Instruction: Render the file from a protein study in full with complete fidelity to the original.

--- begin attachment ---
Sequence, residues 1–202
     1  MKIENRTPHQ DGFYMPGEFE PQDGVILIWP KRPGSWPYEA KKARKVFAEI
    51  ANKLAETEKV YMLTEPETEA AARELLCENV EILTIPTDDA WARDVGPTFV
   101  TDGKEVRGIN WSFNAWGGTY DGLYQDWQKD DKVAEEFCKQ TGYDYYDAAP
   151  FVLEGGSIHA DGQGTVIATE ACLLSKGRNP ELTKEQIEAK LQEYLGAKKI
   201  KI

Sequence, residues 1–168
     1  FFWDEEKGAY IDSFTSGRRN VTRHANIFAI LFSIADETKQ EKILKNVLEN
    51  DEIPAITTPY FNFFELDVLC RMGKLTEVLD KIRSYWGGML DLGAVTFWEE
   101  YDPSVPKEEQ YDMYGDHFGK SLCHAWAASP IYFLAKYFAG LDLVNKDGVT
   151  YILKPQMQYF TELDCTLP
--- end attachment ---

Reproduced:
Sequence, residues 1–202
     1  MKIENRTPHQ DGFYMPGEFE PQDGVILIWP KRPGSWPYEA KKARKVFAEI
    51  ANKLAETEKV YMLTEPETEA AARELLCENV EILTIPTDDA WARDVGPTFV
   101  TDGKEVRGIN WSFNAWGGTY DGLYQDWQKD DKVAEEFCKQ TGYDYYDAAP
   151  FVLEGGSIHA DGQGTVIATE ACLLSKGRNP ELTKEQIEAK LQEYLGAKKI
   201  KI

Sequence, residues 1–168
     1  FFWDEEKGAY IDSFTSGRRN VTRHANIFAI LFSIADETKQ EKILKNVLEN
    51  DEIPAITTPY FNFFELDVLC RMGKLTEVLD KIRSYWGGML DLGAVTFWEE
   101  YDPSVPKEEQ YDMYGDHFGK SLCHAWAASP IYFLAKYFAG LDLVNKDGVT
   151  YILKPQMQYF TELDCTLP